8. I don’t understand why people want to have multiple spouses. I personally think that one spouse is troublesome enough! I totally agree with the blog about respecting different tradition. I know many people who do not care to be the second wife or the third wife of a wealthy man, but they cannot do it because the it is illegal. However, this give men opportunities to have multiple mistresses and have no responsibility to them. This actually harm women’s right! I personally think that women should not be men’s second or third or Nth wife, but it is eventually up to them to choose. Therefore, the law should protect those women who do not mind being mistresses, like what is addressed in Islamic law.

    Shitian Liu

  9. flambert3 says:

    I think that each culture should work out its own problems or beliefs of what is accepted or not. All things change with time and based on the means clause from the Qur’an in having additional wives i can see a gradual change while not the same but similar in the number of children dropping from high numbers in America to often times one.

  10. John Girata says:

    I think this is a great example of practices of the times influencing the development of religions. In the context in which Islam was formed, polygyny was accepted and was maintained under Islam. On the other hand, in the context in which Christianity was formed (i.e., Judaism), polygamy was not allowed and that did not change under Christianity.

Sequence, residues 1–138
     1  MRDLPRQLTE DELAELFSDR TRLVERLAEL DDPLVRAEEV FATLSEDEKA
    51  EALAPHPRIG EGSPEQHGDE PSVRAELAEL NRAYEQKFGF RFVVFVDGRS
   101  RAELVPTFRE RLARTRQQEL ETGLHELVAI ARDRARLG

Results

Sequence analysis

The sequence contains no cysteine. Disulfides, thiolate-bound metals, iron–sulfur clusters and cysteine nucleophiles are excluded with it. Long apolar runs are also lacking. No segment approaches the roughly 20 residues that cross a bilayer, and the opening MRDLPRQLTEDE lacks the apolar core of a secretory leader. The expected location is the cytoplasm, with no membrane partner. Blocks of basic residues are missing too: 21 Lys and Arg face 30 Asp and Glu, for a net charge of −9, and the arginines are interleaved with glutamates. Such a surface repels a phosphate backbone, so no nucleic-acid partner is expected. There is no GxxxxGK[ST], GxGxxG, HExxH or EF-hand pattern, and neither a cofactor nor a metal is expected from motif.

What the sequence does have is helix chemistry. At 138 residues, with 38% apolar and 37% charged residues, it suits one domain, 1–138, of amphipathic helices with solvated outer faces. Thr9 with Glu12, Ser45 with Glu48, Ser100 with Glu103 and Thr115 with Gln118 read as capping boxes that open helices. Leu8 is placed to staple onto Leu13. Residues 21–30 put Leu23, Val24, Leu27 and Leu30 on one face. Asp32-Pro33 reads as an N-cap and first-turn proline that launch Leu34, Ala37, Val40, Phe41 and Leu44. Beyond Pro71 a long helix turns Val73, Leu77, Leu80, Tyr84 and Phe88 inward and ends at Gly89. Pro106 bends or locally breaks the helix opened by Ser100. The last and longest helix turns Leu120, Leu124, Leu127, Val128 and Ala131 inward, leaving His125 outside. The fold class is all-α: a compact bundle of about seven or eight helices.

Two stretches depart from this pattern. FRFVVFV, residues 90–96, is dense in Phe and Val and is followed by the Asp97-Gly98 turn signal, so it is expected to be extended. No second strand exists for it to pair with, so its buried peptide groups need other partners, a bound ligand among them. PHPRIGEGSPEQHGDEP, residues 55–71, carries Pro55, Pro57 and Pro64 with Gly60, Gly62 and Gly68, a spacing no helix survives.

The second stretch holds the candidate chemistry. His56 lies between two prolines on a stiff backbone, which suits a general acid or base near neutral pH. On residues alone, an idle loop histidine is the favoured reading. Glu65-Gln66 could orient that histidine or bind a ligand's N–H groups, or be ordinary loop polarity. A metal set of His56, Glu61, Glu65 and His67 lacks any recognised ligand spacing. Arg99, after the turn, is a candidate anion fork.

11. mcharles6 says:

    As a Christian, I believe that polygamy is wrong. The Bible says that when a man and woman are married, the two become one flesh. A man cannot be “one” with multiple women. However, in the Middle East, Islam is the cultural norm, and therefore polygyny is a cultural norm as well. I do not agree with it, and I think that it is wrong, but that is because of my faith. Muslims and other people of non-Christian faiths (Buddhists, Mormons, etc.) will disagree with me and say that polygamy (or certain forms of it) are okay. We have different faiths, so we have different beliefs. I understand that.

    Further, I do not view it as a women’s rights issue because it is, at its core, a faith-based issue. If I as a woman choose to associate myself with a religion that denies me privileges that I consider to be basic rights, then I am denying myself those rights because I am the one choosing to be a part of that religion.

  12. akranc3 says:

    I feel that no matter the culture, boys will be boys. If you can get away with having multiple wives/girlfriends/whatever, you’re gonna do it. Especially if you’re in the position of power where if those females get mad or bicker or nag, you don’t have to deal with it. With that being said, I feel the reasons for polygyny were good-hearted. You can’t have too many women turning into crazy cat ladies. 😛 However, since we are boys, we abused the system and gave it a bad name. Sorry ladies.

  13. mitch7991 says:

    The Western view of polygamy wasn’t originally centered on women’s rights, but on God’s Word. And I’m talking about Jesus’ Father. Therefore, it’s interesting that the difference in these two cultures initially came from religion, not ethics and civil rights. Is there a right answer? Yes, most definitely. According to Genesis 2:24, God’s design of marriage was for one man and one woman to come together as one flesh.

  14. nathenj65 says: